Borrowers paid to leave mortgages early
Mortgage borrowers could have as much as £25,000 of their loans written off if they agree to move to a new lender.
Several specialist mortgage banks are so desperate to get rid of borrowers and wind down their lending operations that they are prepared to pay-off customers and help them remortgage to a new lender.
One mortgage bank, GMAC, which was the 10th largest lender in 2007 issuing £10 billion in residential and buy-to-let loans, has targeted around 400 borrowers that could potentially find a new deal if they had more of an equity stake in their homes. It is offering to reduce their loans by as much as £25,000 to help them move elsewhere, and will also waive any fees normally associated with exiting a mortgage early.
Lenders are currently restricting remortgages to borrowers with a good level of equity in their homes – known as loan to value (LTVs). By reducing borrowers' mortgage debt - which reduces the LTV at the same time - lenders like GMAC hope to make their existing customers more attractive to rival banks.
Jeff Knight, marketing director at GMAC, says: “This is currently just a pilot but we are contacting borrowers who have a good credit history and could remortgage away if their equity stakes were larger.”
So far, just one of its borrowers has successfully managed to find a new deal elsewhere, but Knight is confident that by August more of those taking part in the pilot will have benefited. GMAC stopped lending to new borrowers at the end of 2008, and is now focusing on managing its assets.
“This is good for our borrowers and good for us, as it puts us in a stronger financial position,” he explains.
Borrowers taking part in the scheme are being advised to speak to their mortgage broker to see if they could benefit from moving their loan to another lender.
Elsewhere, Bristol & West, which is part of Bank of Ireland, has offered to waive the early repayment charges (ERCs) of around 1,500 of its borrowers if they leave their current mortgage deal and move to another bank or building society.
Audrey Nolan, spokeswoman for Bristol & West, says: “Customers are being offered the opportunity to have an independent mortgage review with London & Country, which provides free, impartial advice as to the best mortgage options available in the marketplace. Customers who do not wish to take up the offer will remain with Bristol & West as normal.”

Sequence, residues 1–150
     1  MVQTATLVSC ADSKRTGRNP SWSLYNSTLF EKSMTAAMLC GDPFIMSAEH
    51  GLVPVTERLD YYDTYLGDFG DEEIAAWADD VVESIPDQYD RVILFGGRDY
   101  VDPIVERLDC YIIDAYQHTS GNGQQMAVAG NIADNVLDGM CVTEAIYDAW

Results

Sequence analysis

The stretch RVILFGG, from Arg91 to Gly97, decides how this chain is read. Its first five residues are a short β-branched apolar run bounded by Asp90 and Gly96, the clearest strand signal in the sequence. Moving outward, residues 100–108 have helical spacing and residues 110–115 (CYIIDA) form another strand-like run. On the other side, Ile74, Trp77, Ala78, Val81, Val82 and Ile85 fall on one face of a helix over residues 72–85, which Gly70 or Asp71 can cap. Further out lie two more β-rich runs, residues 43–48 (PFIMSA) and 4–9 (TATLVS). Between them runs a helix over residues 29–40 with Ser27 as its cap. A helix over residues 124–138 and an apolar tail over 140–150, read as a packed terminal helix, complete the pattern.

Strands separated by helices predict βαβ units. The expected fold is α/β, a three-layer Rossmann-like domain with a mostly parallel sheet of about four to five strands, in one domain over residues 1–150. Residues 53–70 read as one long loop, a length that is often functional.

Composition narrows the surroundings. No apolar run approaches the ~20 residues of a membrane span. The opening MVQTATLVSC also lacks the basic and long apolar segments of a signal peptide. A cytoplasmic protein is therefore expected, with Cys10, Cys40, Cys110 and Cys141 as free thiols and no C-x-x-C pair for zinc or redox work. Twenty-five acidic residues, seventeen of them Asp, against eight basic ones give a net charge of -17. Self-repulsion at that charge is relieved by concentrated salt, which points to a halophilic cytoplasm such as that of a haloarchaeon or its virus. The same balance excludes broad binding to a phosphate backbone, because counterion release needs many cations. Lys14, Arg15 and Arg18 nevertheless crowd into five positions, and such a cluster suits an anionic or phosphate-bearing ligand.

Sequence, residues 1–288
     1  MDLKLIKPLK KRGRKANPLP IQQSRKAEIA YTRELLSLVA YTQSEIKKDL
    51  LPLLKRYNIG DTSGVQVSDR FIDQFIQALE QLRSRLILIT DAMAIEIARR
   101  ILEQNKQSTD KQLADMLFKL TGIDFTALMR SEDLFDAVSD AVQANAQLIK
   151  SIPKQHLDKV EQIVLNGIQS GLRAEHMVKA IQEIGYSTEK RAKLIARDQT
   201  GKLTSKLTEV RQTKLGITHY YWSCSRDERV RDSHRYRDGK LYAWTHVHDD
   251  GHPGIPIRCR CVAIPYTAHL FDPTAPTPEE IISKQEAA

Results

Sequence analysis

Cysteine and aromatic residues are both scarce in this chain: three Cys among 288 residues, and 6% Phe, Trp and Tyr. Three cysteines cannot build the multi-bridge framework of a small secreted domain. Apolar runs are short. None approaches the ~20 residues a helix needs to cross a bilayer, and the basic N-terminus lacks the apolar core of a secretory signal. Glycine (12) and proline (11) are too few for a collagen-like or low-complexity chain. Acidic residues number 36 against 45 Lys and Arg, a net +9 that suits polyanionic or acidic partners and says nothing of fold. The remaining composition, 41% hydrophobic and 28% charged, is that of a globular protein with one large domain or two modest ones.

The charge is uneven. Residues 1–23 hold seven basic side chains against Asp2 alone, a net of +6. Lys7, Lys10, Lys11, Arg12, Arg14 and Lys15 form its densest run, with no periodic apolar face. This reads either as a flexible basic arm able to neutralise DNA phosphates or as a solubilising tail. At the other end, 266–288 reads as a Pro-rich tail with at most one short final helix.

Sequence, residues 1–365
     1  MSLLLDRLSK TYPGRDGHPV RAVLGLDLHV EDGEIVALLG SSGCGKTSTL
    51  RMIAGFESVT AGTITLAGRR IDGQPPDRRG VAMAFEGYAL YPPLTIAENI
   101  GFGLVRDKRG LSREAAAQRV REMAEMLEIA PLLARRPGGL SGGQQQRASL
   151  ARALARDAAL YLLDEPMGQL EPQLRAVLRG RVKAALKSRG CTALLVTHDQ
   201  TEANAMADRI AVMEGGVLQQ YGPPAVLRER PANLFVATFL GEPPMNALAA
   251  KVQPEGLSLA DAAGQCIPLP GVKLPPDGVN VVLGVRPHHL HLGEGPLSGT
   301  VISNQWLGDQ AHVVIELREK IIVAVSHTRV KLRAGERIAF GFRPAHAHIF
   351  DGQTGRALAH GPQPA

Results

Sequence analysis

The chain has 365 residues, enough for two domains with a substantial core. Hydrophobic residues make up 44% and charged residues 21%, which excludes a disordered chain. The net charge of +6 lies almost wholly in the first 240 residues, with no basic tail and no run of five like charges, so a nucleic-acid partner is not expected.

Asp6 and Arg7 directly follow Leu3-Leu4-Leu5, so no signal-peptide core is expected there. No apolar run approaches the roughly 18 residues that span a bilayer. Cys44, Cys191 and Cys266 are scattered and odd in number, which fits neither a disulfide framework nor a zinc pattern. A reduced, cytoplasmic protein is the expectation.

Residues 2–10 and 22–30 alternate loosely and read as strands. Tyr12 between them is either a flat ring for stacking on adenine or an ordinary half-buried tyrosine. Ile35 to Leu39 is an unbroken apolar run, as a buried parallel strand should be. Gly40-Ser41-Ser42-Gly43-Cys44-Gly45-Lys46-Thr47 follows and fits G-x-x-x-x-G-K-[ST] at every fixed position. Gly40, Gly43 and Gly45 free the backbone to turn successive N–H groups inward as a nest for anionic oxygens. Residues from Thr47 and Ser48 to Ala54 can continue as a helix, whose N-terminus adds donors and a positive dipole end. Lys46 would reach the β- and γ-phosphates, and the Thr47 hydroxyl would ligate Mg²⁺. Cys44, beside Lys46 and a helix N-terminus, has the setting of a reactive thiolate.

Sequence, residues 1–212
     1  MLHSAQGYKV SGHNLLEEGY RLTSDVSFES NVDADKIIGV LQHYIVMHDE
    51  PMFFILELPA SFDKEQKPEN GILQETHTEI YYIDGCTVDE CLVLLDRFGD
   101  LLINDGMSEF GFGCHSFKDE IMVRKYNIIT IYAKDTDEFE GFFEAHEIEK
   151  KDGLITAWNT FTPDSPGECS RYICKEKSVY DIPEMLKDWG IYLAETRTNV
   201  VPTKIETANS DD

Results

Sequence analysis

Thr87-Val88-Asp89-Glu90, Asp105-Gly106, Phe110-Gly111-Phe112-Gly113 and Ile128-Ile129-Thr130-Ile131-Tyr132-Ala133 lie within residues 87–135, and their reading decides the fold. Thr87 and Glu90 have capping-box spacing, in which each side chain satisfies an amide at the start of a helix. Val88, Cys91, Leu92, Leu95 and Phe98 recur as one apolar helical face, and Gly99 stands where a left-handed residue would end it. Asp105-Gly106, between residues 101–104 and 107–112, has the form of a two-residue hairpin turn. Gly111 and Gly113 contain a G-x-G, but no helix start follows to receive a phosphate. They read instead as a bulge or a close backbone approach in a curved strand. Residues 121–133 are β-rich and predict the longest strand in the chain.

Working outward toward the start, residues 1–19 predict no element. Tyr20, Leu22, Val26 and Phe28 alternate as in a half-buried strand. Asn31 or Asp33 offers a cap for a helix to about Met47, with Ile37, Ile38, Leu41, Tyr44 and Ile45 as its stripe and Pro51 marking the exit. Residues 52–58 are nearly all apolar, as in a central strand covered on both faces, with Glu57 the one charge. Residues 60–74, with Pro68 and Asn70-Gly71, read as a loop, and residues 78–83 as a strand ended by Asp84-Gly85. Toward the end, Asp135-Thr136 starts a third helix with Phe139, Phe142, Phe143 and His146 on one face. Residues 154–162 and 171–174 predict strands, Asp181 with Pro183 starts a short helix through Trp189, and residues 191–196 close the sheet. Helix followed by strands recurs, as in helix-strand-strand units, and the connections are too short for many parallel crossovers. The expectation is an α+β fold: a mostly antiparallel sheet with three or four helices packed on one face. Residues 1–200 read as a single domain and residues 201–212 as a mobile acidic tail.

The lender stopped selling new loans through brokers in January this year.
Edeus and Advantage, two other specialist mortgage lenders which were both funded by American investment banks during the height of the mortgage market in 2007, are reportedly offering similar deals to their outstanding mortgage borrowers.
Could you save money by leaving your mortgage early?
Even borrowers who haven't been offered money to remortgage to a new lender could potentially benefit by leaving their current deals early.
Most mortgage lenders will hit you with a fee if you leave your deal within the discount period, which is normally a percentage linked to the outstanding mortgage balance. For this reason, most people wait until their discount period ends – this can be after anything from two to 25 years.
However, with new mortgage rates looking surprisingly attractive at the moment, brokers say it might be worth stumping up the fee. Ray Boulger, senior technical manager at John Charcol, says paying your lender’s ERC in order to get a cheaper rate could be viable for some borrowers, but the sums involved can be difficult.
“If you need to borrow more than 70% or 75% of your property’s value then it probably isn’t worth it as rates for people with low equity stakes aren’t competitive enough,” he adds.
How long your discount period has left to run is another important consideration.